https://www.eduzhai.net American Journal of Biomedical Engineering 2012, 2(1): 9-16 DOI: 10.5923/j.ajbe.20120201.02 A New Interactive 3-D Numerical Model of the Human Mandible for Peri-Implant Analysis in-Vivo Compared With Cone Beam Computed Tomography 3-D Quality R. Moustafa1, Tamer M. Nassef2,*, M. Alkhodary3, Mona K. Marei3, Magdy A. Awadalla4 1Faculty of Dentistry, Pharaohs University, Alexandria, Alex., Egypt 2Computer and Software Dept., Faculty of Engineering, Misr University for Science and Technology, Giza, Egypt 3Tissue Engineering Laboratory (TE-Lab), Faculty of Dentistry, Alexandria University, Alex., Egypt 4Prosthodontics department, Faculty of Dentistry, Alexandria University, Alex., Egypt Abstract Dental implants have been widely and increasingly used in the past few decades to support and retain partial and complete dental prosthesis. The fear of failure due to mechanical overloading increased the need for stress-strain analysis along bone-implant interface of the ever growing designs of dental implants. Finite element analysis (FEA) was used by many authors to evaluate stresses around dental implants and to predict their survivability, where to extract a robust FEA model a realistic information system must be used. In this study an interactive 3-D model was retrieved from Computed Tomography (CT) images utilizing, a proposed software are used to obtain high image quality of the jaw bones scanned by 3-D CT compared with Cone Beam Computed tomography (CBCT) output. Identification of different anatomical regions set for mandible cortical and spongy bones with soft tissues by generated 3-D models and validated with real measurements from solid model. Keywords 3-D Computed Tomography, Cone Beam Computed Tomography, Dental Finite Element Analysis 1. Introduction Dental implants are widely used in prosthodontic rehabilitation of partially and completely edentulous maxilla and mandible to restore or improve function where mandibular over denture retained by 2 implants is considered as firstchoice standard care over conventional complete denture[1]. Dental implants are provided in different materials, shape, length, diameter, implant surface treatment and coatings to enhance clinical performances and osseointegration where dentists can now choose from more than 1300 different types of implants[2]. Most implants currently available have surface coatings and roughness with random topography of variable thicknesses, from nanometers to millimeters.[3,4] High surface roughness is essential to enhance mechanical interlocking of the bone on the implant surface and to ensure proper osseointegration, however it is not the only criterion, where pattern of roughness, size and the distribution of micro or nano pores in a random or regular pattern have influenced micromechanical interlocking and strain along bone-implant interface. [5,6] Occlusal forces are transferred to bone through implant and it has long been recognized that both * Corresponding author: tamer.nassef@k-space.org (Tamer M. Nassef) Published online at https://www.eduzhai.net Copyright © 2012 Scientific & Academic Publishing. All Rights Reserved implant and bone should be stressed within a certain range for physiologic homeostasis. Overload can cause bone resorbtion or fatigue failure of the implant, whereas under loading of the bone may lead to disuse atrophy and subsequent bone loss.[7] Over years, attempts have been made to improve mechanical compatibility of dental implants and to reduce marginal bone loss resulting from ineffective transfer of occlusal forces from implant to the surrounding bone Implants with modified surface roughness at the nanometer scale in a reproducible manner, were introduced utilizing processing methods from the electronic industry such as lithography and surface laser-pitting.[8-10] To ensure clinical success of new dental implants designs and to predict survivability, analyzing stresses at bone-implant interface is an essential step in the overall analysis of loading, which determines the success or failure of an implant. Many different methods have been used to study the stress/strains in bone and dental implants, where Photo elasticity provides good qualitative information pertaining to the overall location of stresses but only limited quantitative information. Finite element analysis (FEA) is one of the numerical methods that capable of providing detailed quantitative data at any location within a mathematical model. FEA can simulate stress using a computer-created model to calculate stress, strain, and displacement. Such analysis has the advantage of allowing several conditions to be changed easily 10 R. Moustafa et al.: A New Interactive 3-D Numerical Model of the Human Mandible for Peri-Implant Analysis in-Vivo Compared With Cone Beam Computed Tomography 3-D Quality and allows measurement of stress distribution around implants at optional points that are difficult to examine clinically and are difficult to replicate in experiments. The distribution of forces in peri-implant bone has been investigated by FEA in several studies.[11-14] Modeling of biological tissues, such as bone related organs, is a difficult task because of their inherent inhomogeneous and anisotropic character, although inhomogeneous character is in some sense “directly” accessible via imaging techniques. Unfortunately, this is not the case for the trajectories of anisotropic elasticity. Many investigators have evaluated 3-D models from Computed Tomography (CT) 2-D images. The results of these studies have been approximated for the conversion of images formats. Mechanical anisotropy means that the mechanical properties of the material are different when measured in different directions in the same sample. For reasons of simplification, modulus of elasticity of the mandibular bones, was given constant values and considered isotropic to facilitate simulation.[15,16] To create patient specific models, the adoption of automatic mesh generators (AMG) is mandatory and assignment of proper material properties to FEA is a fundamental step to ensure predictive accuracy. The flow of peri-implant stress analysis may proceed in a sequential flow by first reconstruct mandible surface from an adequate imaging technique, second re-mesh the surface and generate surface mesh, third assign material properties to the FEA, finally set boundary conditions (as occlusal loads that are dynamic forces, axial and non-axial). Tetrahedral elements are suitable to divide the mandible model to finite elements for mechanical analysis studies like implant stress-strain; multi-objects technique can be used to separate mandible to multi-objects for decreasing the number of nodes and elements to reduce the number of FEA equations; this will accelerate the idealization process at FEA modeling. The starting point is a well reproduced geometry of a complete range of mandible to include a separation of cortical and cancellous (spongy) bone. Cortical and spongy bones provide different functions and respond differently to mechanical influences. Several imaging techniques have been available in implant dentistry for the preoperative planning and post-operative evaluation of dental implant; intra oral peri apical and occlusal radiographs, and extra oral lateral cephalometric, conventional tomograms, 2-D and 3-D CT scan, Cone Beam Computed Tomography (CBCT) and Magnetic Resonance Imaging (MRI).[14,17] Intraoral peri-apical x-rays considered inexpensive and results in reduced radiation dose, however, region covered is limited in size and does not often extend to the mandibular canal, visualization is limited to mesio-distal and apicocoronal directions. Panoramic radiography has been one of the most commonly utilized radiographic techniques in dental implantology that present a global view of the shape and height of the jawbone, it provides no information about jaw thickness and suffers from distortion factor of about 25% mainly in the horizontal (mesio-distal) direction. The visualization of most significant details is limited in cepha- lometric radiography by the overlapping of the left and right sides. Although low cost and availability are advantages, when this technique is used for implant planning but the advantages are limited.[17-20] The limitations of conventional peri-implant treatment planning, which was based on 2-D radiographs, have been over-passed, to a certain extent, by development of 3-D computer software systems and tools.[21] 3-D CT enabled bone density estimation, examination of alveolar ridge width and height, vertical relation between the upper and lower jaw can also be seen on the scout view and preservation of soft-tissue details that are useful in reconstructions done in esthetic areas. Using CT data, it is now possible to reconstruct 3-D images of the jaw bone and fabricate stereo lithographic models. CT data enabled interactive visualization of multi-planar 2-D sections of the relevant anatomy including axial, cross-sectional and user-defined panoramic images, extended by 3-D rendered representations of CT data. Within this multi-view graphical environment, 3-D Computer Aided Design (CAD) models of implants can be interactively inserted inside the bone and evaluated. Aesthetics and morphological considerations for implant positioning in relation to the final prosthetic restoration are integrated by using CT images that either contain the provisional tooth setup or have been generated from a diagnostic wax-up.[22] Recently, CBCT technology has evolved that allows 3-D visualization of the oral and maxillofacial complex from any plane. [23] This digital imaging system is capable of producing 2-D and 3-D images, as well as Ortho-radial views of the jaws, to permit more accurate assessment of bone for implant placement or localization of teeth and lesions within the jaws. Such cone beam system allows the physician to acquire 3-D volume data in one rotation at reasonably low levels of radiation dosage Medical CT differs in that it uses a fan-shaped beam and captures portions or slices of anatomy as the source and receptor move along the long axis of the section of anatomy being examined. The effective dose equivalent measured using CBCT is between 30 and 400 μSv, 6 depending on the manufacturer and technical factors involved. This compares with an effective dose equivalent of 2,100 μSv from a conventional medical CT scan of the maxilla and mandible.[24] The aim of this study is to generate a new interactive 3-D model based on the radiological information offered by medium-dose CT technology, the model is reconstructed by faster and easier data transformation proposed software for use in 3-D analyses including functional imaging and real time imaging for guiding interventional procedures, this was compared with quality of 3-D model retrieved from CBCT imaging. Second is meshing of the 3-D model from the CT scan to help on simulation of occlusal loads on dental implants. 2. Materials and Methods This study is carried out in the outpatient clinic at the Prosthodontics department faculty of dentistry Alexandria American Journal of Biomedical Engineering 2012, 2(1): 9-16 11 University and the Tissue Engineering laboratory, Alexandria University. Nine completely edentulous male patients are selected with age range 55-65 years old, free from any systemic disease. All patients signed an informed consent after a thorough explanation of the nature of the study in compliance with Dental Research Committee guidelines (EDRC), Faculty of Dentistry Alexandria University. All patients are scheduled for prosthetic rehabilitation by conventional maxillary complete denture and mandibular over denture retained by two dental implants (Laser microgrooved dental implants manufactured at Princeton University-USA of fixture length 14mm and diameter 3.5mm Fig. 1. (a). Resorbable Blast Texturing (RBT) Roughened TiO2 surface dental implant 15mm in length and 3.5mm in diameter). Fig. 1. (b) aged by CBCT (Planmeca ProMax® TDV320077) with DAP format. The protocol used or each exposure is shown in Table 1. During that period, a complete maxillary and mandibular denture was constructed for the patient in the conventional method[25]. The images of the CT was used to create a 3-D model of the patient by proposed software based on contour interpolation algorithm with matrix reduction process to reduce the memory needing by reducing the number of nodes and then a triangulation process are used to retrieved the FEA model, where the triangle reduction process are used to reduce the model equations was constructed based on tetrahedral elements technique. Table 1. Exposure protocols of different imaging techniques used in the study Imaging technique Tube voltage Tube current Exposure time Slice width Slice thickness Pixel size Bits per pixel Image format CBCT 84 Kv 16 mA 6.169 sec 409 312 400µm 24 DAP (mGy cm2) 3-D CT 120Kv 193 mA 6 sec 512 325 469µm 64 DICOM Panoramic x-ray 78 Kv 10 mA JPEG Figure 1. dental implant fixtures used to retain mandibular overdenture, (a) Laser micro-grooved dental implant manufactured at Princeton University-USA of fixture length 14mm and diameter 3.5mm, and (b) Roughened TiO2 surface dental implant 15mm in length and 3.5mm in diameter For generating a 3-D model, 3-D visualization is performed by means of triangulation of a segmented 3-D area. The number of triangles determines the quality of the reconstruction: the more triangles, the higher the quality. The downside is that more triangles require more memory. This should be considered when calculating a 3-D image. Two methods for reducing the number of triangles are used, Image matrix reduction and triangle reduction. Figure 2. (a) oral cavity o the patient showing mandibular (lower) edentulous ridge, where no signs of inflammation or pathoses were observed and (b) dental stone model that was retrieved from primary impression where the functional extension of the proposed denture was delineated One patient 63 years old, was selected for a pilot study after his approval. The oral cavity of the patient was thoroughly examined by visual and clinical examination and assessment of quality of the soft tissues overlying the lower ridge as well as the underlying bone was done by pressure with a blunt round instrument. Clinical estimation of bucco-lingual width of the lower edentulous ridge was done by Boley's gauge and the overlying soft tissue thickness by sharpened periodontal probe after employment of local anaesthesia. Primary impresions were recorded to the patient and a cast was retrieved. Fig. 2. The patient was then referred for radiographic examination by 3-D CT (GE MEDICAL SYSTEMS/BrightSpeed S) with DICOM format output and after one month and before implant placement he was im- 2.1. Matrix Reduction This option allows grouping of voxels to calculate the triangles. The reduction is given relative to the X-size (= Y-size) of a pixel in the image and relative to the height (Z-size) of a pixel in the 3-D dataset, where XY resolution Decides how many voxels are grouped in the XY plane and Z resolution Decides how many voxels are grouped in the Z-direction. The XY- or Z-resolution of 1 means no matrix reduction in the plan or the Z-direction. To use the matrix reduction needs to avoid using the gray-value interpolation algorithm for reconstruct the 3-D model, where The gray level f at the location [x, y] is transferred to the new coor- dinates [x0, y0] to create the output image f [x0, y0]. This sequence of operations equivalent to defining a “new” im- age g [x, y] in the same coordinates [x, y] but with different gray levels; hence, g [x, y] = f [α [x, y], β [x, y]] (1) Here x' = α [x, y] and y' = β [x, y], the transformation of the continuous coordinates should be continuous, i.e., the derivative must be finite everywhere and this are not suit- able for matrix reduction process, so the contour interpola- tion algorithm are used, where a 2-D interpolation in the 12 R. Moustafa et al.: A New Interactive 3-D Numerical Model of the Human Mandible for Peri-Implant Analysis in-Vivo Compared With Cone Beam Computed Tomography 3-D Quality plane of the images that is smoothly expanded in the third dimension. This interpolation algorithm uses the grey-value interpolation within the slices, but in the Z direction a linear interpolation between the contours is used as shown at the following algorithm: Input: Labeled contours Ci (intensity = elevation) Output: Interpolated height grid A Structures: G 4-connected gray-scale dilation/erosion structuring element A Accumulator Image (init with Ci , else zero) T, U, V, W, X - Work Images M maximum label/height while min(A) = 0 do W ← A {T, W = A with interT, W[0] ← M contour spaces set to M} repeat W ← W[M] sg G {Grayscale erode W until until max(W) < M all M pixels are gone} U ← (W rg G) ∩ T {Dilate & mask to overlap} V ← W XOR U {Overlap V=medial line(s)} for all V > 0 X ← M {X ← medial line mask} W ← [(U+W) ∩ X]/2 {Get medial line height} A ← A ∪ W {A ← new medial pixels} In the default configuration of DICOM format output of images appear in a 3-D engineering view. The images in the right view are called the axial images (XY-view or Top-view) and are surrounded by a red border. The upper left view (surrounded by an orange border) shows the coronal images that are the images resliced in the XZ-direction (Front-view). The lower left view (surrounded by a green border) shows the sagittal images that are the images resliced in the YZ-direction (Side-view) as shown at Fig. 3. edge reduction algorithm generates less noise on the resulting surface and is therefore better for medical objects. The point reduction could be better for technical objects. The Tolerance indicates the maximum deviation in mm that a related triangle may have, to be part of the same plane that contains the selected triangle. It makes sense to keep this value related to the pixel size. The Number of iterations defines how many times the program should make the calculations. The algorithm needs several iterations to reduce the number of triangles in larger flat areas. This algorithm converges to a stable result after about 15 iterations. Therefore more than 15 iterations do not make a lot of sense. The Edge Angle-value defines which angle should be used to determine edges of the part that cannot be removed. Triangles deviating less than this angle will be grouped into the plane of the other triangles. It is advisable not to use the reducer on very noisy dataset. In this case it is better to perform a smoothing first. If a plane, defined by the Tolerance and the Angle consists out of several triangles, the program will try to re-triangulate this area. The Point-type reduction mode will try to reduce the amount of triangles by removing a point. The Edge-type will remove a triangles edge (two points + the connecting line between these two points). If the tolerance-value is too big, essential part information may get lost. 3. Results and Discussion The lower denture was duplicated in clear acrylic resin, metal balls about 4mm in diameter was placed in the proposed implant position and a panoramic x-ray was made to the patient to verify the implant position to be away from the mandibular nerve canal to avoid injury of the nerve during surgical implant placement as shown at Fig. 4. Figure 3. Representative CT image showing axial, coronal, and sagittal thin section slices 2.2. Triangle Reduction Triangle reduction allows reducing the number of triangles in the mesh. This makes it easier to manipulate the file. There are two types of triangle reduction, the Point-type and the Edge-type. They both have the same parameters. The Figure 4. Image showing panoramic x-ray image of the patient wearing a clear acrylic template with metal balls placed in the fitting surface o the template in the proposed implant position CBCT scanned images are shown at Fig.5 and the 3-D reconstruction model are shown at Fig.6, where the dashed red square at both figures are referring corresponding to the right mandible side that are shown before at panoramic image Fig. 4 and from Fig.6. (a, c and f) the difference between two mandible sides are visually recognised, but as shown the full 3-D model has low resolution and many holes are came American Journal of Biomedical Engineering 2012, 2(1): 9-16 13 out as referred by the dashed blue circles, many measurements can be extracted from the CBCT device as shown at Fig. 7. As shown the holes are fade away at this model, where a new threshold window are used and this may need to increase the memory size and this will slaw down the interactivity operations i.e. translation, rotation and resizing. The 3-D reconstruction model that shown at Fig. 8. can visually recognizing the highly resolution and small topographic details that are obtainable, a 3-D FEA models can be built with high resolution and fast executed time without any need to super-computer due to the reduction of the triangles that used to build these models, it can be used directly to build the FEA model as shown at Fig. 9. Clinical measurements can be determined and give more accurate records than CBCT results as shown at Fig. 10. angular records and direct lines between points can be determined and it will be the same even when the model are rotated or translated as shown at Fig.11.The same red dashed square are shown at Fig.8.(b) and Fig.10.(b) that referred to the mandible right side and it was same as in the CBCT. Figure 5. Representative CBCT image showing (a) axial, (b) coronal, (c) sagittal thin section slices Figure 6. Representative CBCT image showing three dimensional model of the patient (a) frontal view, (b) lateral left view, (c) right side, (d) right side of the mandible in cross section, (e) left side of the mandible in cross section, (f) anterior segment of the mandible, (g) posterior view of the mandible showing outer and inner cortical plate o bone and in between cancellous bone Figure 7. CBCT Measurements: (a) Measurements of alveolar crest width: Right molar region: 7.8mm, Right at mental foramen: 5.4mm, At midline: 2.8mm, Left molar region: 9.0 mm, and Left at mental foramen: 6.1 mm, (b) Vertical length at right mental foramen: 23.6mm, At Left mental foramen: 20.4mm, Right mental protuberance: 31.6mm, Left mental protuberance: 26.4mm 14 R. Moustafa et al.: A New Interactive 3-D Numerical Model of the Human Mandible for Peri-Implant Analysis in-Vivo Compared With Cone Beam Computed Tomography 3-D Quality Figure 8. Representative 3-D CT image showing three dimensional model of the patient (a) anterior view of fully face skin (Soft Tissue) with ears (Cartilage) and even the CT scanner device (Metal) without any artefact, (b) fully mandible right rotated side, (c) left rotated side, (d) Posterior view of the mandible, (e) left and right sides segmented with some measurements, (f) right side of mandible rotated, resized and translated Figure 9. Representative 3-D mesh process of the mandibular mdel (a) right mandible side are mished by tetrahedral elements with all topographic details, (b) zooming on mental foramen side with the elements reductions, (c) fully mandible meshing with conroid process and TMJ. Figure 10. Representative 3-D model with some measurement determination (a) angular and direct line measures on the right mandible side, (b) fully mandible with angular determination American Journal of Biomedical Engineering 2012, 2(1): 9-16 15 Figure 11. Representative 3-D model with some measurement determination with rotation and translation process without any change at measured records. 4. Conclusions One of the drawbacks of CBCT was its inability of discriminating soft tissue because of its low contrast resolution. When comparing CT with CBCT reconstructed images, CT scans showed the most suitable images for tumor-derived alterations due to their capacity for soft tissue reconstruction. On the other hand, CBCT could only visualize primary osseous tumours or soft tissue tumours via osseous destruction of an impinging tumour. The ideal goal of the radiographic examination is to achieve as much information on the jawbone as possible and at the same time minimize the radiation burden to the patient regarding the ALARA principle (as low as reasonably achievable) and the costs. This radiation dose has to be balanced by the required information for implant placement. Its use can seldom be justified except for the imaging of large jawbone segments. A contour interpolation results in a 3-D that looks smoother and better (less gaps). Contour interpolation is recommended to use for medical CT applications, where a Grey value interpolation results always in correct dimensions and correct positioning of the 3-D, but the 3-D can be noisy. This new interactive reconstruction model can helps at diagnosis and pre-surgical process and provides a direct meshing lossless method for the FEA to ensure that all numerical analysis that can be determined from these models gain the reality and be more accurate than other classical methods. REFERENCES [1] J.S. Feine, G.S. Carlsson, M.A. Awad, A. Chehade, W.J. Duncan, S. Gizani, et al, "The McGill consensus statement on overdentures," Int. J. Prosthodont., vol. 15, pp. 413-414, 2002. [2] Y. Oshida, E.B. Tuna, O. Aktören and K. Gençay, "Dental Implant Systems, review," Int. J. Mol. Sci., vol.11, pp.1580-1678,2010. [3] K. Mustafa, J. Wroblewski, K. Hultenby, B.S. Lopez and K. Arvidson,"Effects of titanium surfaces blasted with TiO2 particles on the initial attachment of cells derived from human mandibular bone. A scanning electron microscopic and histomorphometric analysis," Clin. Oral Implants Res., vol. 11, pp. 116–128, 2000. [4] D. Weng, M. Hoffmer, M.B. Hurzeler and E.J. Richter," Osseotite versus Machined surface in poor bone quality," Clin. Oral Implants Res. vol. 14, pp. 703–708, 2003. [5] A. Wennerberg, T. Albrektsson and J.J. Albrektsson- Kroll," Histomorphometric and removal torque study of screw-shaped titanium implants with three different surface topographies," Clin. Oral Implants Res., vol. 6, pp.24-30, 1996. [6] V. Borsari, G. Giavaresi, M. Fini, P. Torricelli, M. Tschon, R. Chiesa, et al.," Comparative in vitro study on ultra-high roughness and dense titanium coating,". Biomaterials, vol. 26, ppt. 4948–55, 2005. [7] E. Kitamura, R. Stegaroiu, S. Nomura and O. Miyakawa, " Biomechanical aspects of marginal bone resorption around osseointegrated implants: considerations based on a three-dimensional finite element analysis," Clin. Oral Implants Res. vol.15, pp.401–412, 2004. [8] M.A. Alkhodary, M.K. Marei, M.A. Awadalla, W. Soboyejo and Y.M. Kadah, " A study of the interface strength of dental implants nano-grooved by laser with and without Arginine-Glycine-Aspartic acid (RGD) coating," P.H.D thesis, faculty of Dentistry, Alexandria university, 2010. [9] S. Schlie, E. Fadeeva, A. Koroleva, A. Ovsianikov, J. Koch, A. Ngezahayo and B.N. Chichkov, " Laser-Based nano engineering of surface topographies for biomedical applications," Phot. Nano. Fund. Appl., vol. 9, pp. 159-62, 2010. [10] R. Branemark, L. Emanuelsson, A. Palmquist and P. Thomsen, "Bone response to laser-induced micro- and nano-size titanium surface features," Nanomed.: Nanotech. Biol. and Med., vol.; 7, pp. 220-227, 2011. [11] A.W. Gonçalves, R.B.V. Adelino, T.L. Fernando, G.E. Alves, D.J. Aparecida and S.P. Henrique, "Biomechanics Studies in Dentistry: Bioengineering Applied in Oral Implantology," J. 16 R. Moustafa et al.: A New Interactive 3-D Numerical Model of the Human Mandible for Peri-Implant Analysis in-Vivo Compared With Cone Beam Computed Tomography 3-D Quality Craniofac. Surg., vol. 20, pp. 1173-1177, July 2009. vol. 64, pp. 175– 188, 1994. [12] G. Tepper, R. Haas, W. Zechner, W. Krach and G. Watzek, " Three dimensional finite element analysis of implant stability in the atrophic posterior maxilla: a mathematical study of the sinus floor augmentation," Clin. Oral Implants Res., vol. 13, pp. 657–65, 2002. [13] T. Baiamonte, M.F. Abbate, F. Pizzarello, J. Lozada and R. James, "The experimental verification of the efficacy of finite element modeling to dental implant system," J. Oral Implantol., vol. 22, pp. 104–110, 1996. [14] T.M. Nassef, N.H. Solouma, M. Alkhodary, M.K. Marei and Y.M. Kadah, "Extraction of human mandible bones from multi-slice computed tomographic data," 1st Middle East Conference on Biomedical Engineering (MECBME), pp. 260–263, 2011. [15] S. Lettry, B.B. Seedhom, E. Berry and M. Cupponea, "Quality assessment of the cortical bone of the human mandible. Bone," vol. 32, pp. 35–44, 2003. [16] A.M. O’Mahony, J.L. Williams, J.O. Katz and P. Spencer, "Anisotropic elastic properties of cancellous bone from a human edentulous mandible," Clin. Oral Implant Res., vol. 11, pp. 415–421, 2000. [17] S.A. Ahmed, T.M. Nassef, N.I. Ghali, G. Schaefer, and A. E. Hassanien, "Determining protrusion cephalometric readings from panoramic radiographic images," IEEE-EMBS International Conference on Biomedical and Health Informatics, BHI, in press. [19] C. BouSerhal, R. Jacobs, M. Quirynen and D. Steenberghe, "Imaging Technique Selection for the Preoperative Planning of Oral Implants: A Review of the Literature," Clin. Implant Dent. Relat. Res., vol.4, pp. 156- 172, 2002. [20] M.S. Reddy and I.C. Wang, "Radiographic determinants of implant performance," Adv. Dent. Res., vol.13, pp. 136-45, 1999. [21] C. BouSerhal, R. Jacobs, M. Quirynen, Daniel van Steenberghe, "Imaging Technique Selection for the Preoperative Planning of Oral Implants: A Review of the Literature", Clin. Implant Dent. Rel. Res., pp. 156–172, 2002. [22] K. Lal, G.S. White, D.N. Morea and R.F. Wright, "Use of stereolithographic templates for surgical and prosthodontic implant planning and placement. Part I. The concept," J. Prosthodont., vol. 15, pp. 51–58, 2006. [23] A. Ruprecht, " Oral and maxillofacial radiology. Then and now," J. Am. Dent. Assoc., vol. 139, pp. 5s-6s, 2008. [24] W.B. Howerton and Mora M.A, "Advancements in Digital Imaging What Is New and on the Horizon?" J Am. Den.t Assoc., vol. 139, pp. 20S-24S, 2008. [25] G.A. Zarb, C.L. Bolender, S.E. Eckert, F.R. Jacob, A.H. Frenton, and R. Mericke-Ster.[C.O. Boucher],prosthodontic treatment or edentulous patients: complete dentures and implant supported prosthesis, 12th ed.,Mosby 11830Westline, Industrial Drive St Louise, 2004. [18] H.M. Frost, "Wolff’s law and bone’s structural adaptations to mechanical usage: an overview for clinicians," Angle Orthod.,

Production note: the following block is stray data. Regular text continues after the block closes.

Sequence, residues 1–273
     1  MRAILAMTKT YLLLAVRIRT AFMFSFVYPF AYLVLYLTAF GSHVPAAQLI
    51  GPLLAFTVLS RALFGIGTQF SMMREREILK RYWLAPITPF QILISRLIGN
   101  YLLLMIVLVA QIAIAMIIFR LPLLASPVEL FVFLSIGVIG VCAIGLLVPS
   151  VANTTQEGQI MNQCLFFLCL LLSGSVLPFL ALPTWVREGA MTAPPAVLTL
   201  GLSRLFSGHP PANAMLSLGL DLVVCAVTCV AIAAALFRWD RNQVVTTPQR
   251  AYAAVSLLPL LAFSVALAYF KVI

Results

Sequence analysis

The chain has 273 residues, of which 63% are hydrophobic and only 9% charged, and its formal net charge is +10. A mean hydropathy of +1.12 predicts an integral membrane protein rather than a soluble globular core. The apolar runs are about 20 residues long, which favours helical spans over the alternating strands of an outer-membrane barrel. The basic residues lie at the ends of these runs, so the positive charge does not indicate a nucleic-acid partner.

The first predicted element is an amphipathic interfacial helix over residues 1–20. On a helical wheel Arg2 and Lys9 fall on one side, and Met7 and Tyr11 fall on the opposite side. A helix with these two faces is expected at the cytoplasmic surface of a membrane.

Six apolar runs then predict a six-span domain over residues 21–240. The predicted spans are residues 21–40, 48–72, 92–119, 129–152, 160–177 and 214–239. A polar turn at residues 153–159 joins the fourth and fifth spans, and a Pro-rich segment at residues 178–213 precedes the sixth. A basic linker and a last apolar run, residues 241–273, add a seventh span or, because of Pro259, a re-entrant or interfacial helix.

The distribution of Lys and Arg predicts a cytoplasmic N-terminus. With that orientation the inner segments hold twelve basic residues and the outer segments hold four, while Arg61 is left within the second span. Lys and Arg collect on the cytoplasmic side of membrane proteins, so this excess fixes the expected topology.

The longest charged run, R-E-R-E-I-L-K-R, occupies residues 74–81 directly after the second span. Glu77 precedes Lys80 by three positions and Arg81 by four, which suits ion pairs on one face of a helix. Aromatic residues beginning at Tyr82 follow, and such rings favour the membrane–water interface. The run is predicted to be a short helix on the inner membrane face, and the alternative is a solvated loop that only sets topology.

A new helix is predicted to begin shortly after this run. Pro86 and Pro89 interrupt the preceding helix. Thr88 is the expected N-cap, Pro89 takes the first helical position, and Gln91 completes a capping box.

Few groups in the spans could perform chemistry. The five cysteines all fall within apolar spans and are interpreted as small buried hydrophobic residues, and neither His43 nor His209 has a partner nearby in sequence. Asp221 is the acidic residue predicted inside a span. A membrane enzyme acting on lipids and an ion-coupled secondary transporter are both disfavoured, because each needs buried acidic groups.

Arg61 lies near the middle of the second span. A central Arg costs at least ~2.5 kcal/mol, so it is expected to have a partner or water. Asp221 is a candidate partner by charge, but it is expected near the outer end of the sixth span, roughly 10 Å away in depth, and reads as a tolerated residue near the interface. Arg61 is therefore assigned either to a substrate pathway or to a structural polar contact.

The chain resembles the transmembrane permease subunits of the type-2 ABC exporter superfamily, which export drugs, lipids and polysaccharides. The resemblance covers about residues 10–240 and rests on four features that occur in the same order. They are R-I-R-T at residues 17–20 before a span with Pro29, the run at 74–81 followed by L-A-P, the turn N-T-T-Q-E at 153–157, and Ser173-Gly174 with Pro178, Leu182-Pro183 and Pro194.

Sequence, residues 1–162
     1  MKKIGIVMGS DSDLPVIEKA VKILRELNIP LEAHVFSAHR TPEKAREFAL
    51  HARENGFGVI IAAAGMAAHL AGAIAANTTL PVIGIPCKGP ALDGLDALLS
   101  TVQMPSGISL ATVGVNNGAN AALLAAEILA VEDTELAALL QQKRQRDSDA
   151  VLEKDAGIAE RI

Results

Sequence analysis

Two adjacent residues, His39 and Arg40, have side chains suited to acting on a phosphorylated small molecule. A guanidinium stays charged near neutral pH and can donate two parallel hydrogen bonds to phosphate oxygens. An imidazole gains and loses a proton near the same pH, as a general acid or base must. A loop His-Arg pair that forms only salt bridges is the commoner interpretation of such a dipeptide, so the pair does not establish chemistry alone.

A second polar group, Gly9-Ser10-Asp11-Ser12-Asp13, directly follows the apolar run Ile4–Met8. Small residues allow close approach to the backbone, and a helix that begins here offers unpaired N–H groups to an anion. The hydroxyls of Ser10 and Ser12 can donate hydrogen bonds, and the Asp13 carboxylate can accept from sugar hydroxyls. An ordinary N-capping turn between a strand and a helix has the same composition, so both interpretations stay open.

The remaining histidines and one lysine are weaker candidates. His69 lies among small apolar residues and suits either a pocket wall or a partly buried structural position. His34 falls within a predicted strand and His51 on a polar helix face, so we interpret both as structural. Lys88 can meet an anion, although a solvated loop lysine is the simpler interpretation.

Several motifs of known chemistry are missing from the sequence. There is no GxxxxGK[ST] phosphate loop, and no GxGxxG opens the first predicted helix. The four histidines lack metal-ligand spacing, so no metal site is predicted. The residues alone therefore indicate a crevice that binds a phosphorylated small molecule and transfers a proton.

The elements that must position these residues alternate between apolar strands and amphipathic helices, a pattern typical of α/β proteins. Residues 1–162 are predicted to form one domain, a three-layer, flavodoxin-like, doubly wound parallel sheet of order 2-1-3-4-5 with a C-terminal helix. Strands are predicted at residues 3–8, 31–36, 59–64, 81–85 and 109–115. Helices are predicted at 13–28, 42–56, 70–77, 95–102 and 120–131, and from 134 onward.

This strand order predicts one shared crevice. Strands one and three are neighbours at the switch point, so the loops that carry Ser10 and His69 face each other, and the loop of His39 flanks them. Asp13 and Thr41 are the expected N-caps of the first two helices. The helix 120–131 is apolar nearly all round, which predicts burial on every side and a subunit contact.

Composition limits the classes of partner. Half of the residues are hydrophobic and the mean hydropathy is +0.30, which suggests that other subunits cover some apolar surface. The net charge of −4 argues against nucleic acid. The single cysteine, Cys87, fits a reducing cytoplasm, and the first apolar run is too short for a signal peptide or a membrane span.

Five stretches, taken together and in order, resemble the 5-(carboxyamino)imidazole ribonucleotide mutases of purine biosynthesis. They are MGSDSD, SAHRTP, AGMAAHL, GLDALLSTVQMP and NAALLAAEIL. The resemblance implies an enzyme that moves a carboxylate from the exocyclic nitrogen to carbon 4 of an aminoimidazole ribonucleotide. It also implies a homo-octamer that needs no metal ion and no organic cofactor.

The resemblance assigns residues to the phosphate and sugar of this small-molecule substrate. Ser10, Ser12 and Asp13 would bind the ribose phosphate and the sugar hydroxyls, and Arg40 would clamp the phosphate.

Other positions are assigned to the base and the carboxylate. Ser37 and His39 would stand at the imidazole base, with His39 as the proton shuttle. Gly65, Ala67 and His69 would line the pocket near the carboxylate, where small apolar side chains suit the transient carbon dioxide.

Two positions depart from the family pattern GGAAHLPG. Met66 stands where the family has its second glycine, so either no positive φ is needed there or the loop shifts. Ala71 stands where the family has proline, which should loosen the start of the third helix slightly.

... pages left unread,continue reading

Document pages: 8 pages

Please select stars to rate!

         

0 comments Sign in to leave a comment.

    Data loading, please wait...
×